3a. Al-ghaib is that which is unseen or unperceivable by the ordinary senses. According to R, the Unseen here stands for Allah, a belief in Whose existence is the cardinal principle of religion. A belief in God is thus the first duty of man, the first requisite of spiritual advancement. [Back to verse 3]
3b. Salat means supplication or prayer. In Islam prayer assumed a regularity and a form, and became an established institution of religion. The verb used to indicate the observance of salat is throughout the Holy Quran aqama, meaning he kept a thing or an affair in the right state (LL), and hence it is not the mere observance of the form that the Quran requires, but the keeping of it in a right state, i.e. being true to the spirit of the prayer. The object of prayer is elsewhere clearly stated to be the purification of the heart (29:45). Spending out of what one has been given stands for charity in its broadest sense, or the doing of good to all creatures. This verse lays down the two prime duties of man, the two principles of action which are necessary for spiritual advancement, and these are prayer to God and service to humanity. After speaking of the cardinal principle of faith, a belief in God, the Holy Quran now speaks of the two great principles of action to show how to translate faith into action. [Back to verse 3]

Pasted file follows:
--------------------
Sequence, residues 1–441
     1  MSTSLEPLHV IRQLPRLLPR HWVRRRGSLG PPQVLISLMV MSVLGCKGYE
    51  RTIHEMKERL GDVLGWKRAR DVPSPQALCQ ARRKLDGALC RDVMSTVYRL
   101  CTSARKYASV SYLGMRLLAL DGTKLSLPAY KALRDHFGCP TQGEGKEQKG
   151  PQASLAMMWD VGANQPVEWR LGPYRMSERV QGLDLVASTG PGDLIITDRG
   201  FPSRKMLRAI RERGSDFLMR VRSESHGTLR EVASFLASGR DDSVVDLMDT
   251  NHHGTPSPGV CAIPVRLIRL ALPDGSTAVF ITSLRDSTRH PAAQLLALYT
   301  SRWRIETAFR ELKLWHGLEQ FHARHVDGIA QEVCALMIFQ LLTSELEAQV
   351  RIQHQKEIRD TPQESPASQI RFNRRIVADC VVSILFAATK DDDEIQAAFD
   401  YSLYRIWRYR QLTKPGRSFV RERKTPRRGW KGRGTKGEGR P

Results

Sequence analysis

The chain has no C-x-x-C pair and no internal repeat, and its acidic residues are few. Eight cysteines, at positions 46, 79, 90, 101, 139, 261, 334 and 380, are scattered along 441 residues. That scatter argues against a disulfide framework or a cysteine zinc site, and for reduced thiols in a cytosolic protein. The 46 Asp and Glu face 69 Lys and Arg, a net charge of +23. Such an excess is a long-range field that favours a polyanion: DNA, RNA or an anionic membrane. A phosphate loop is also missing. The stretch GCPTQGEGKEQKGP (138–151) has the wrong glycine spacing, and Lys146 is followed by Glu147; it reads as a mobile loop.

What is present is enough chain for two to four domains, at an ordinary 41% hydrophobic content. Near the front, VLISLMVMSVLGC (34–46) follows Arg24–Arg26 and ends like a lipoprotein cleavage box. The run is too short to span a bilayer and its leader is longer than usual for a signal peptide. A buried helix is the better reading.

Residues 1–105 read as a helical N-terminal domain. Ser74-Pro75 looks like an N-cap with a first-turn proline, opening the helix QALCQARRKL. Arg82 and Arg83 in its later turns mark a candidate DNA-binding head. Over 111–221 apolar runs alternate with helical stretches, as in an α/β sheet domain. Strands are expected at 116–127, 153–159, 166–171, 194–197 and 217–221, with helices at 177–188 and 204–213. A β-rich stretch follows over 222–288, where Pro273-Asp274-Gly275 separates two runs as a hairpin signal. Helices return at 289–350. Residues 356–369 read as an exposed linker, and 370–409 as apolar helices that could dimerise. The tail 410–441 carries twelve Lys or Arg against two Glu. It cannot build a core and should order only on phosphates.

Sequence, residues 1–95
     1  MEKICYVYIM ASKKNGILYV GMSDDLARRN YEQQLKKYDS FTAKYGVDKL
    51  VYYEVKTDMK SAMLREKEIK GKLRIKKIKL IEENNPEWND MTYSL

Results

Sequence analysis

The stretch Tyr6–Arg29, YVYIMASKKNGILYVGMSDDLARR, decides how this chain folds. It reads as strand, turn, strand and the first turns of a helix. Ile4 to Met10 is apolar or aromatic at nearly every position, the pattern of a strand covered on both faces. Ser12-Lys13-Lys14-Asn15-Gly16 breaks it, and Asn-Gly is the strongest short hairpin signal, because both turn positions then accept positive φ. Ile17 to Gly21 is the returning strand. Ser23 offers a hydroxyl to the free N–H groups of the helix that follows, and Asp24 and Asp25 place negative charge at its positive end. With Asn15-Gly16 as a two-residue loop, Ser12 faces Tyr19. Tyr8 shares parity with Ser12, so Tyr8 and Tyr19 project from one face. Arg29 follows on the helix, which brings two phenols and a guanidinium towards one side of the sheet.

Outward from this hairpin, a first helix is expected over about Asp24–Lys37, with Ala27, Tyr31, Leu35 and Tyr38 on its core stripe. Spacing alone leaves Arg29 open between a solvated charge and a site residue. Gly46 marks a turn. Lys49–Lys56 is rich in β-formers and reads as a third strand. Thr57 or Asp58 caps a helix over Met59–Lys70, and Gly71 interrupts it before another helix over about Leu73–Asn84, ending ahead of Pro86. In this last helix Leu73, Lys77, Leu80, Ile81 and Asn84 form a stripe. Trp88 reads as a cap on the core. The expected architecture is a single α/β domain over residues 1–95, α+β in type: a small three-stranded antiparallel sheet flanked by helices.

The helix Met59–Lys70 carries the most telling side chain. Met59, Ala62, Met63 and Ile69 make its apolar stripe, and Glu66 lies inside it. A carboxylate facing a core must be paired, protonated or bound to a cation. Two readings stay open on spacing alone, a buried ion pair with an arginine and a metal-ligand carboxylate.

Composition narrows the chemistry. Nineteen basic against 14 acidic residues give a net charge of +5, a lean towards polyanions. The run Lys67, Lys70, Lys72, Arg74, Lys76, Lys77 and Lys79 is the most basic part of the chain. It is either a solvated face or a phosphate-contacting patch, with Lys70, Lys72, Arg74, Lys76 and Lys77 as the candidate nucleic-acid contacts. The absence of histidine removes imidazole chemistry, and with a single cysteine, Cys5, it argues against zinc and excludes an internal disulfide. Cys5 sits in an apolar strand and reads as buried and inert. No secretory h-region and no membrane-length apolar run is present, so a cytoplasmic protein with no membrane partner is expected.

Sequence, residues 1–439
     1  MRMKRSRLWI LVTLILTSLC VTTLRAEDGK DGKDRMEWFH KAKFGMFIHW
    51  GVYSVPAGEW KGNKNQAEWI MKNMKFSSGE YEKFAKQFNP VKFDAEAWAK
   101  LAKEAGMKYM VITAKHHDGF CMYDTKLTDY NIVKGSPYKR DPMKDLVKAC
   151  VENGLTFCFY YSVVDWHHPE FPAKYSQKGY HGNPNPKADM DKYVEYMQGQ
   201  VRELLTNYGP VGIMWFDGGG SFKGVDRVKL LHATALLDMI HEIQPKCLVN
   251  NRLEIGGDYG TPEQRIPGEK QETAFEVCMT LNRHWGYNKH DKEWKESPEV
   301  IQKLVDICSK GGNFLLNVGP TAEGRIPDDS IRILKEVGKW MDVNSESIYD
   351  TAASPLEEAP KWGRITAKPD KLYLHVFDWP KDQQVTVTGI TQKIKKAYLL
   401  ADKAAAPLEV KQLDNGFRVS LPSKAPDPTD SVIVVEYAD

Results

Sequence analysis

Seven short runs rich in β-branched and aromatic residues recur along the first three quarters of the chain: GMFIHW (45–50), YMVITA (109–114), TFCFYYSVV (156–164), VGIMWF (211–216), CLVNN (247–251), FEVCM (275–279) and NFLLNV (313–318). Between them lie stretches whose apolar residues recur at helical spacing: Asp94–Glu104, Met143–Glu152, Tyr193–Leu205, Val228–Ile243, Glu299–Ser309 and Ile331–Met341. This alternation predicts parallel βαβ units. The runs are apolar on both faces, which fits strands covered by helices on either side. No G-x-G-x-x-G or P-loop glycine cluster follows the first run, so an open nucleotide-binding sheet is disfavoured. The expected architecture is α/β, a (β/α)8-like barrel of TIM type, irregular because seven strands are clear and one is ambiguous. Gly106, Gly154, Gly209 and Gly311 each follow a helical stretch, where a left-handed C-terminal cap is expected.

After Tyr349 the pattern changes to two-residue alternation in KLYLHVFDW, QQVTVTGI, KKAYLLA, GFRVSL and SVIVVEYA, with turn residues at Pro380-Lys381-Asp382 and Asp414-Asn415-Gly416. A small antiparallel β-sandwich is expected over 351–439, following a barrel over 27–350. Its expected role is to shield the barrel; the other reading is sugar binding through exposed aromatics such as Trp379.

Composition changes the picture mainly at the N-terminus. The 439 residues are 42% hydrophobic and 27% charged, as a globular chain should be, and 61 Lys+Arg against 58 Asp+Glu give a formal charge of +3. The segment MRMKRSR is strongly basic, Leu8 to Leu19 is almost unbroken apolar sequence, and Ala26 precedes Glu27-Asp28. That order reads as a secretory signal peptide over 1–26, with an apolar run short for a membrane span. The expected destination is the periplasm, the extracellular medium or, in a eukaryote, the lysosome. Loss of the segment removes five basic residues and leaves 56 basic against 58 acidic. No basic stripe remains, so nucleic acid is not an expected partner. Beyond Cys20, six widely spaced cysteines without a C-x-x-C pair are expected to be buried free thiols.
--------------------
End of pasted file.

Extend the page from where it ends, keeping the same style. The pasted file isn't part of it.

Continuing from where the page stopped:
4a. Of all the religions of the world Islam is the only one that laid down the broad basis of faith in all the prophets of the world, and the recognition of truth in all religions is its distinctive characteristic. The words that which was revealed before thee include revelations to all the nations of the world, for we are elsewhere told that "there is not a people but a warner has gone among them" (35:24). The Quran does not, however, mention all the prophets by their names, for "of them are those We have mentioned to thee and of them are those We have not mentioned to thee" (40:78). It thus requires not only a belief in Divine revelation to the Prophet Muhammad but a belief in Divine revelation to the whole of humanity, to all nations of the world. A Muslim is therefore one who believes in all the prophets of God, sent to any nation, whether their names are mentioned in the Holy Quran or not. This is the fourth of the fundamental principles of Islam, the second among matters relating to faith. It shows that God has always been made known to man through Divine revelation, and that revelation is a universal fact. [Back to verse 4]